Please pass on this blog to others you think may like to read it
Global asset markets continue to be very volatile, with China’s opaque economy and the actions of the PRC Government to try to deal with its floundering stock market and currency, etc, being the key driver of events.
In oil markets, absent “events” in the Middle East, everyone is searching around for a firm data point that will provide a price floor – which can then be built on. The most likely such floor is solid evidence from the US of production declines, but unfortunately the data and methodologies used to measure these are weak and lagging.
Every oil price bull’s great white hope would be for OPEC to make meaningful production cuts – and there does appear to be a (completely non-scientific) increase in recent on-line commentary to the effect that this might actually happen. The KSA strategy to deliver a short-sharp-shock to US tight oil producers last year has clearly failed and cost the Saudis and the whole of OPEC an enormous amount of money forgone compared to what would have been achieved by a production cut.
However, the “K” in the KSA stands for “Kingdom” – and the new King is playing a Game of Thrones in terms of changing the Saudi succession rules which means that it would be very hard to back-off from the current strategy and lose face accordingly.
Crude oil prices bounced back from the previous days’ fall overnight, with Brent closing at US$43.50 and WTI at US$39.64. A reduction in interest rates announced by Chinese authorities under-pinned the rise. However, crude markets did close before a late fall in US stock-markets which might send a negative signal to today’s price action.
Henry Hub ticked up a few cents to US$2.69.
Reuters has recently reported that Qatar has been changing its LNG sales business model – in response to not only lower prices, but also the threat to its market leading position from Australia (and soon the US as well). Qatar has traditionally followed the route of selling LNG cargoes almost exclusively under long term oil-price linked contracts to the high credit-quality buyers in Japan and Korea. More recently it has greatly increased its traded LNG volumes, as it has sold spot cargoes to emerging markets in Egypt, Jordan and Pakistan.
Qatar can direct its large LNG industry centrally – which Australia does not do as a laissez-faire country. Australian LNG businesses are fragmented, with only Woodside Petroleum Ltd (WPL) having the scale to even start to build an LNG trading business. Unfortunately two of the other three key players, Santos Ltd (STO) and Origin Energy Ltd (ORG) are too consumed at present with their current high debt loads to be positioning to take up opportunities in the LNG trading space.
The cementing of the biggest private sector LNG party, the merged Shell and BG Group, is not yet a fait accompli. The price of BG Group shares is currently at a large discount (~15%) to what it should be if the market considered the deal was done. This seems too large a gap – given the regulatory issues (Chinese and Australian competition authorities) should be manageable, the strategic deal rationale is still very strong, and that there would be too big a loss of face (at Shell in particular) if the deal fell through.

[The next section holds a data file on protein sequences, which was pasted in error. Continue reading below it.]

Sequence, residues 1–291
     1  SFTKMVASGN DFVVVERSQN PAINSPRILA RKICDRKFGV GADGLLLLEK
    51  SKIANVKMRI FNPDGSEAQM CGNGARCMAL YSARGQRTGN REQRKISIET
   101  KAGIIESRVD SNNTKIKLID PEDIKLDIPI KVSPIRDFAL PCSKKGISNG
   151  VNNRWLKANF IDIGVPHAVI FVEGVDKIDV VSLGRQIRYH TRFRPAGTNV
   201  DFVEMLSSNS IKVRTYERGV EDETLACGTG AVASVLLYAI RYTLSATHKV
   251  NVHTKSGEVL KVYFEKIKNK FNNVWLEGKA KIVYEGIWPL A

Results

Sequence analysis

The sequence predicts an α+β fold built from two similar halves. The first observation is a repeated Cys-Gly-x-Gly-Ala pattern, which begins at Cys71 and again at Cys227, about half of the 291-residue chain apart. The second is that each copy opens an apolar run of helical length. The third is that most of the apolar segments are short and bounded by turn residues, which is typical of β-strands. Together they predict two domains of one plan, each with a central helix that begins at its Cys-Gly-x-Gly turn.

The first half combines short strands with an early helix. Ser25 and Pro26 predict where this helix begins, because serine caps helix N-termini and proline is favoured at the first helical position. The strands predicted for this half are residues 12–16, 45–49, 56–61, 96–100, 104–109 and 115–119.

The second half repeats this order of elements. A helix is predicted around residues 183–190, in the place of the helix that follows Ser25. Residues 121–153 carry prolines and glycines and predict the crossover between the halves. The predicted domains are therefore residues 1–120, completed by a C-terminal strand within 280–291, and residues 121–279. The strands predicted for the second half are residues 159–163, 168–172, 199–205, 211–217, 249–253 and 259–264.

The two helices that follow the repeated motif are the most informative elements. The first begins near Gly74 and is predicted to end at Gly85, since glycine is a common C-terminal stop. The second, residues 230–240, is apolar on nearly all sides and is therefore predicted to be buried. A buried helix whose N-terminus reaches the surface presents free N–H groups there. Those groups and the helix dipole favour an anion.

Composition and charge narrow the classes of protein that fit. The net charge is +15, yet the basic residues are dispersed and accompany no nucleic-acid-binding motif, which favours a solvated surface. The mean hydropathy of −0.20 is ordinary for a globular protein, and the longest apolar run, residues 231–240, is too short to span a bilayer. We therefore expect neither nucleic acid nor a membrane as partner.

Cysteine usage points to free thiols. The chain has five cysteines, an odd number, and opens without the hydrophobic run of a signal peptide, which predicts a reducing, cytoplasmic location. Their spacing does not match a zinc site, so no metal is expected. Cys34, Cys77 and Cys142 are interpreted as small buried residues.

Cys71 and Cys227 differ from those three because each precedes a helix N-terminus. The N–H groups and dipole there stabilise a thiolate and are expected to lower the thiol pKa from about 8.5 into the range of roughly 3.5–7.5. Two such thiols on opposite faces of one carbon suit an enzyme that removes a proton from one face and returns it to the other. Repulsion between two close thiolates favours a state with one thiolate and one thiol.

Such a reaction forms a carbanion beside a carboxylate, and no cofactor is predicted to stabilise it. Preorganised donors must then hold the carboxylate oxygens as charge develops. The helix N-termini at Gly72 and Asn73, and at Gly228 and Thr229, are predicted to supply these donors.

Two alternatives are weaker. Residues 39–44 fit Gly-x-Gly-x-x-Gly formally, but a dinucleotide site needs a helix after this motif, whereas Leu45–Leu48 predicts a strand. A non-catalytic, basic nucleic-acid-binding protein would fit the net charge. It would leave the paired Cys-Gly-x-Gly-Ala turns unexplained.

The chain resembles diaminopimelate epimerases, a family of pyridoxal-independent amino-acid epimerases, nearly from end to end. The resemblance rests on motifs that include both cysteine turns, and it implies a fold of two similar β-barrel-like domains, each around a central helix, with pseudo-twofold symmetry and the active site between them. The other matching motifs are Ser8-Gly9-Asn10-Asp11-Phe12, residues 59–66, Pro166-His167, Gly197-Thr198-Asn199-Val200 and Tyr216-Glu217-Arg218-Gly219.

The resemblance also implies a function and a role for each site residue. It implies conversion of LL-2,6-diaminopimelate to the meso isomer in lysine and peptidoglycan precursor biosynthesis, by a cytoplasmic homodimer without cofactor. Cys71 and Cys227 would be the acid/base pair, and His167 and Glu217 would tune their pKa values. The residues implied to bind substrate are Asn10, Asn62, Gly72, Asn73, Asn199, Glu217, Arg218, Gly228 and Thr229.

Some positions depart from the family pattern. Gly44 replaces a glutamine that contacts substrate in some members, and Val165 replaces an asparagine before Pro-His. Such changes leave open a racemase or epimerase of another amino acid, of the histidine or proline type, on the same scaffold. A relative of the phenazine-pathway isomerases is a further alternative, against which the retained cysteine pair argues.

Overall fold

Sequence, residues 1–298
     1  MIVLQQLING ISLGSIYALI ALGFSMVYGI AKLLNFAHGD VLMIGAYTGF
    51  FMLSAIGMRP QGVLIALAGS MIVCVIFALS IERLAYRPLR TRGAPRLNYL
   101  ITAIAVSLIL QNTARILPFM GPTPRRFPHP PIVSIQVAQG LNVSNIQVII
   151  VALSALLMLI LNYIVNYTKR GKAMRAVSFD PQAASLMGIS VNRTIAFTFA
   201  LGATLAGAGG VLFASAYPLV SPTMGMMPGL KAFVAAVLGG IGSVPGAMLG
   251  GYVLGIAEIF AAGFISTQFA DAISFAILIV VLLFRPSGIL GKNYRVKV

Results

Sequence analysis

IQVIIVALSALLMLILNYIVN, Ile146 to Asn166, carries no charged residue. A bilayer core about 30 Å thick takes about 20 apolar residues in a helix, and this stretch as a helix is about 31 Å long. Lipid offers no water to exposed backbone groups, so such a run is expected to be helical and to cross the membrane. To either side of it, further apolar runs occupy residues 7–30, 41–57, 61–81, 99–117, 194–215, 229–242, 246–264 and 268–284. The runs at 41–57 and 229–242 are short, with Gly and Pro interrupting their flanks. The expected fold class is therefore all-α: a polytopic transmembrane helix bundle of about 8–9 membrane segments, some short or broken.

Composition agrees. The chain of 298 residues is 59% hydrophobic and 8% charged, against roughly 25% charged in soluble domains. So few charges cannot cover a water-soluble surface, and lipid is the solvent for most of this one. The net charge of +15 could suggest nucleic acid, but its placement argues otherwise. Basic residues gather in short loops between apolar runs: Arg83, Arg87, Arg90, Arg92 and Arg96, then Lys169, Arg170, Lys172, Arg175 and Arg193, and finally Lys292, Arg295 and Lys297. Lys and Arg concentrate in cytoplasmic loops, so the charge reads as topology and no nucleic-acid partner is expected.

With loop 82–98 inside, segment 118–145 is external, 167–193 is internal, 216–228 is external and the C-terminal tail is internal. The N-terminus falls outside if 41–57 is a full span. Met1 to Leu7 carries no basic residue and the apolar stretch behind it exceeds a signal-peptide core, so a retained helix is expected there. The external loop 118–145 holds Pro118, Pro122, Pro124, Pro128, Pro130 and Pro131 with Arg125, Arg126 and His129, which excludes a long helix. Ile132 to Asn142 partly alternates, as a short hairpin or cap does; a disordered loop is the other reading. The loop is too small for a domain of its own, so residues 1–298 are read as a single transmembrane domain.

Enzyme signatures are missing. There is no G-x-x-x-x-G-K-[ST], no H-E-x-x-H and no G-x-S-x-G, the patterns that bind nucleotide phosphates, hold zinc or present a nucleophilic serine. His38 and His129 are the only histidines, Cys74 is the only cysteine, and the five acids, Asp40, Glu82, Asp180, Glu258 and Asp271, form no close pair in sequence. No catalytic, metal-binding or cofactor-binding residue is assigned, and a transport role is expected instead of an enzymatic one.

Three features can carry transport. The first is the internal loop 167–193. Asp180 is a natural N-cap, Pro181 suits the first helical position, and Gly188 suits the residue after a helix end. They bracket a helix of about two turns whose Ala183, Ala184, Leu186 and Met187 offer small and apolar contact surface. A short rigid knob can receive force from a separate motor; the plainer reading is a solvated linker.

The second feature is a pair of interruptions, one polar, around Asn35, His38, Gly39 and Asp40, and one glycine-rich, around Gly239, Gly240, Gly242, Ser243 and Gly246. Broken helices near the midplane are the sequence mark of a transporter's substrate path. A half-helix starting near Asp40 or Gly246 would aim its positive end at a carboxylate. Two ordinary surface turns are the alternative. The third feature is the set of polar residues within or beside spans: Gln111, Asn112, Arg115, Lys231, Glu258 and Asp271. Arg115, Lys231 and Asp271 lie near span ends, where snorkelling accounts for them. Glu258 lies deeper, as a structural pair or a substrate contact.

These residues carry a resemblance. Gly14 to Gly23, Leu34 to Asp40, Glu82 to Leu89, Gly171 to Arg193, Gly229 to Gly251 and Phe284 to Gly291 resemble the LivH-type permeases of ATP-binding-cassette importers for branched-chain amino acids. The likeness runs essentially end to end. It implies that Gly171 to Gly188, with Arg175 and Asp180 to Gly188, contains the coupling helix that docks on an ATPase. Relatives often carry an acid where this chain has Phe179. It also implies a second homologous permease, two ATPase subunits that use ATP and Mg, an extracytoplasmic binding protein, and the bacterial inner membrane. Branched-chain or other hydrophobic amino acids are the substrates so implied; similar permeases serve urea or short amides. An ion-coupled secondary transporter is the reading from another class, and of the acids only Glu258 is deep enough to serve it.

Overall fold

The Australian today reported an interview with the Queensland Treasurer on the potential for increased Government interference in the State’s petroleum industry. Earlier this year the State conducted one of its regular acreage gazette processes – largely for ground in the Cooper Basin, but also for a smaller parcel of land in the Surat. The Treasurer indicated that in future the Government would somehow seek to impose operating requirements on potential oil and gas developments in these areas to reduce fly in-fly out operations.
Given: the released ground is marginal at best; the Cooper Basin cannot be anything other than FIFO; the current Petroleum Law does not support such conditionality; etc, this seems a mere thought bubble rather than a reasoned policy. At present, Queensland is competing for very few global exploration dollars with the rest of the world – it is not being be-seiged by parties desperate to explore in the “Smart”(?) State.
Company news – Oil Search Ltd (OSH)
Following yesterday’s half year results presentation, OSH’s CEO noted that his company could be interested in STO’s PNG LNG assets (naturally only at the right price he said). As we have stated before, these assets are STO’s crown jewels – and the likes of WPL would also be potential purchasers.
Company news – STO and ORG
The Australian Financial Review (AFR) has reported that US Super-major Conoco-Philips, the operator of the existing Darwin LNG project, is assessing various options for back-filling these liquefaction facilities when the current feed-stock from Bayu-Undun depletes in ~7 years time.
Conoco has the luxury of being able to play-off STO and ORG over this. Both are in JV with Conoco in rival ventures to supply Darwin: Barossa-Caldita and Poseidon respectively.
Company news – Drillsearch Energy Ltd (DLS)
It was DLS’s turn to announce its annual results this morning. The company made the current usual write-down of exploration assets, emphasised the strength of its balance sheet and noted that cost-cutting was ongoing.
DLS reports its reserves split into oil and “wet gas” categories. The latter appears to be a marketing term only. DLS does not split out condensate (if any) and natural gas liquids (NGLs). As such, it is hard to get a true picture of the value of its reserves. Wet gas is not a product.
Quote of the day
Taking a break today from the wisdom of Edmund Blackadder (more later in the week), DLS’s manipulation of English has inspired me to quote the following:
“The basic tool for the manipulation of reality is the manipulation of words. If you can control the meaning of words, you can control the people who must use the words”. Philip K Dick